Mexico's National Action Party (PAN) was targeting women like Lizbeth Villanueva and Columba Ontiberos when it nominated Josefina Vazquez Mota for president.
Ms. Villanueva and Ms. Ontiberos consider themselves modern. Unlike their mothers' generation, when women had a half-dozen kids on average and were confined to the home, Villanueva had two and then promptly had her tubes tied. Her reasons: she wants to continue to work as a computer instructor, invest hours and money in her children's education, and have the remaining time for her marriage and for herself.
“More children means more housework, more washing, more food to make,” she says, chatting on a park bench on a recent morning in Mexico City with Ontiberos, who has one child and also plans to stop at two.
But the PAN’s strategic move – becoming the first major party to nominate a female candidate for president – hasn’t worked out as planned. Mexico has hit a milestone with Ms. Vazquez Mota’s nomination, but she has been unable to disassociate herself from the public’s discontent with her party’s 12 years in power, especially on security. And even if some women are drawn to her, for many others, she hasn’t come off as modern enough.
Vazquez Mota chose one simple word as her campaign slogan: “Different.” She is presenting herself as a leader in machista Mexico who intimately understands how to navigate work and mothering, and a woman who would be more honest and sensitive to the needs of working families. In a country where fertility rates have dropped precipitously, the education gap between sexes has narrowed, and women are increasingly entering the workforce, many say it’s time Mexico had a female in the top office. But, boxed in by party ideology and her own beliefs, she has been unable to capture a significant “female” vote to tip the race in the PAN’s favor.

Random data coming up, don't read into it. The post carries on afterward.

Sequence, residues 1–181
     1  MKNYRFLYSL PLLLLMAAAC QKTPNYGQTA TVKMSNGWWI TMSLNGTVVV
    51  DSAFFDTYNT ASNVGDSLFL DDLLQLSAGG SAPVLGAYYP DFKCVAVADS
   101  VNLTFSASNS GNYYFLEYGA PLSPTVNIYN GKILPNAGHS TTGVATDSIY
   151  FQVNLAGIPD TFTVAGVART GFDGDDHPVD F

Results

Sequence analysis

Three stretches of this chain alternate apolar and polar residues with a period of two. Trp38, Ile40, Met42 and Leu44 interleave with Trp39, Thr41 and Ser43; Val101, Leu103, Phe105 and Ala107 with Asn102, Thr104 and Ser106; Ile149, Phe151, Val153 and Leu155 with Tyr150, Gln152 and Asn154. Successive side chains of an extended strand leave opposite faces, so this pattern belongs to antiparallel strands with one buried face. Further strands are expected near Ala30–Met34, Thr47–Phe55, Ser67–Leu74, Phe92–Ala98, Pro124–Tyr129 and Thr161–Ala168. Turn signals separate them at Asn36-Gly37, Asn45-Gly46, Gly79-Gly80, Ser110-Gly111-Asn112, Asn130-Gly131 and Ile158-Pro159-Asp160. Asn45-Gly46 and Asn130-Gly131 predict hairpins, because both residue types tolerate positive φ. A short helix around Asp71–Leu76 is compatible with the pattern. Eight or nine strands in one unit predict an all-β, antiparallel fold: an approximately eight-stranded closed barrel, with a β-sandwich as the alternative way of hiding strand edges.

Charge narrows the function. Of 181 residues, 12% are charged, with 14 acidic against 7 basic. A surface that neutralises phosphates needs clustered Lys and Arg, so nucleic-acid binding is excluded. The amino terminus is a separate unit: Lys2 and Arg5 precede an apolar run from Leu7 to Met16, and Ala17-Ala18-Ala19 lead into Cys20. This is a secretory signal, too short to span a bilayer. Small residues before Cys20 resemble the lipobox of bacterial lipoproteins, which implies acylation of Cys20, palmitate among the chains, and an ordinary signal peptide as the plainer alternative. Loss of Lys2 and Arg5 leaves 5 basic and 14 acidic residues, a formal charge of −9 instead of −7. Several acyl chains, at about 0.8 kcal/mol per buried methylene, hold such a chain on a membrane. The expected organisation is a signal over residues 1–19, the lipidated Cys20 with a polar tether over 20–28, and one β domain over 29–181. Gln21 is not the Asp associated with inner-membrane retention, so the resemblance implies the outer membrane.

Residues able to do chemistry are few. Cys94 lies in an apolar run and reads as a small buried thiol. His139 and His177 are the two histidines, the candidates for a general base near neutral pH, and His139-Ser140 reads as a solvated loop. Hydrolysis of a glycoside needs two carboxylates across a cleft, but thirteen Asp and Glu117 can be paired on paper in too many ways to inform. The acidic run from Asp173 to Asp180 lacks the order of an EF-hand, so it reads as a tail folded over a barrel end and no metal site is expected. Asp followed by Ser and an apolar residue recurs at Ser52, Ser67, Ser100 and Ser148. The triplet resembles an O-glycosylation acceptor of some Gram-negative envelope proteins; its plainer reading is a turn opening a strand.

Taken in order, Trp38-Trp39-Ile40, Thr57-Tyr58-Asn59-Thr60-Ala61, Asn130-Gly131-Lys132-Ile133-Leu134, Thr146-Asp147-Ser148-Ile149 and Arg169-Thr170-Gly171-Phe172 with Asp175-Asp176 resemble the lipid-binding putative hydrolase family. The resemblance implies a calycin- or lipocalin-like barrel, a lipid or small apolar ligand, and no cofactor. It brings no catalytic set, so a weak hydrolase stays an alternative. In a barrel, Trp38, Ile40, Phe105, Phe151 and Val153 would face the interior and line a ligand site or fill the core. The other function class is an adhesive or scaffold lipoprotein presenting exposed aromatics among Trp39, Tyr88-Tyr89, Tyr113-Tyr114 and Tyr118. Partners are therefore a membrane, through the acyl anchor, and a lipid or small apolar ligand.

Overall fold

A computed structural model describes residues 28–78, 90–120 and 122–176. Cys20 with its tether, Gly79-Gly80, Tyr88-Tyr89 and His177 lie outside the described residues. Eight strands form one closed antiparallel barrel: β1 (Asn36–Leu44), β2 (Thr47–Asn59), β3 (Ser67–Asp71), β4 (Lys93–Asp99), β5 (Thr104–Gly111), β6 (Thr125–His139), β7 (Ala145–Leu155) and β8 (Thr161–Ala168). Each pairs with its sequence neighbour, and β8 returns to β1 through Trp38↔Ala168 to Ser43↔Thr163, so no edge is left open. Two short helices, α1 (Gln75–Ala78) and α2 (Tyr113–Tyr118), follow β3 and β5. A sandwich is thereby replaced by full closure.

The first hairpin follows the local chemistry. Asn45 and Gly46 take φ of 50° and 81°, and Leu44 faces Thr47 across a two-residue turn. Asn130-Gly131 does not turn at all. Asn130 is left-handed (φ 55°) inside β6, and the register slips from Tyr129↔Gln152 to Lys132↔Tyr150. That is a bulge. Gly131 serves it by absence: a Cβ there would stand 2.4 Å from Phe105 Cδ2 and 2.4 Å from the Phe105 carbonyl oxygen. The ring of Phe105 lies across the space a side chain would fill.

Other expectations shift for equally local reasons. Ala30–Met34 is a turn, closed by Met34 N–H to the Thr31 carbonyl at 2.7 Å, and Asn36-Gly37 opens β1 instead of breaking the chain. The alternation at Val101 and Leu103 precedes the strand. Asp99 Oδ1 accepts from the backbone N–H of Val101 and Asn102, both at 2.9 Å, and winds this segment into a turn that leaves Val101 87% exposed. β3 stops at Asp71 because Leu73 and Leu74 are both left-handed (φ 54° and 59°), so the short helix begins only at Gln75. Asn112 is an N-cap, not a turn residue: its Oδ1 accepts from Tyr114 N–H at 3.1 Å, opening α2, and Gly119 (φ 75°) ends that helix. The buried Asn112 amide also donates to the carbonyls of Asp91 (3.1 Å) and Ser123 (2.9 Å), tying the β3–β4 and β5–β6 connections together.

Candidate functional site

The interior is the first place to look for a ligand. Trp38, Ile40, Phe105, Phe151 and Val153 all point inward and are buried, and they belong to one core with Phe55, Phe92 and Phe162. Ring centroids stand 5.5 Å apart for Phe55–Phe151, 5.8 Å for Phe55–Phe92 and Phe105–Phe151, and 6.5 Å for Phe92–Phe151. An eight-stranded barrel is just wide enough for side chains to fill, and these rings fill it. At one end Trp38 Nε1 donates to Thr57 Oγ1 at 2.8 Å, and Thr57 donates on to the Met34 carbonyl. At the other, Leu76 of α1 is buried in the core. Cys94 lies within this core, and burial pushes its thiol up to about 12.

“She [has] tried to promote herself as different because she is a woman but she does not embody any of the feminist discourses,” says Fernando Dworak, a political analyst in Mexico City. “She says she is different, but she can't say how she is different.”
Rising through the ranks
Having worked as a motivational speaker and author, Vazquez Mota, a mother of three who married her first boyfriend, entered politics in 2000 as a national legislator for the PAN. Shortly thereafter, former president Vicente Fox named her to head the Social Development Ministry. From there she moved up the ranks of the party, serving on President Felipe Calderón's campaign and then as his education secretary. She was not Mr. Calderón's favored candidate, but she beat out two other influential men to become the party's pick.
Today, however, winning the presidency is an uphill battle. The business-friendly candidate is currently in last place among the top three parties, and she has suffered a series of campaign gaffes, including logistical errors that meant her opening campaign speech was given to a nearly empty auditorium.
Probably her biggest handicap is the party itself. The PAN won the presidency with Mr. Fox in 2000, taking the top spot from the Institutional Revolutionary Party (PRI) for the first time in 71 years and ushering in a new democratic chapter. But after 12 years, Mexicans are disillusioned with policies that have not generated enough jobs and are profoundly wearied by the country's deadly drug war, which has left 50,000 dead under the current administration.
"I will be Mexico's first presidenta," Vazquez Mota said after winning the party's primary in February.